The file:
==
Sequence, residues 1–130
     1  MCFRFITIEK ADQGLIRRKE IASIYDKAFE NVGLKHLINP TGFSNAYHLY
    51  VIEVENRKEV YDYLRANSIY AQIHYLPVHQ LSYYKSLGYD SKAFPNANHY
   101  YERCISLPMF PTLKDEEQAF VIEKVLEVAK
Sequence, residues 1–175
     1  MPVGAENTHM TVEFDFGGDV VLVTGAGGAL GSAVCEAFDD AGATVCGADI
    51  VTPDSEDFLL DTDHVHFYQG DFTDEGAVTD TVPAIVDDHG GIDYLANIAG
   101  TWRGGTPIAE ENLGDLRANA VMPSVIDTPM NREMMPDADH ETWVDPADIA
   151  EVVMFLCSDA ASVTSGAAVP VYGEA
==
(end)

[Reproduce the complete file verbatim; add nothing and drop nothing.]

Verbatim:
Sequence, residues 1–130
     1  MCFRFITIEK ADQGLIRRKE IASIYDKAFE NVGLKHLINP TGFSNAYHLY
    51  VIEVENRKEV YDYLRANSIY AQIHYLPVHQ LSYYKSLGYD SKAFPNANHY
   101  YERCISLPMF PTLKDEEQAF VIEKVLEVAK
Sequence, residues 1–175
     1  MPVGAENTHM TVEFDFGGDV VLVTGAGGAL GSAVCEAFDD AGATVCGADI
    51  VTPDSEDFLL DTDHVHFYQG DFTDEGAVTD TVPAIVDDHG GIDYLANIAG
   101  TWRGGTPIAE ENLGDLRANA VMPSVIDTPM NREMMPDADH ETWVDPADIA
   151  EVVMFLCSDA ASVTSGAAVP VYGEA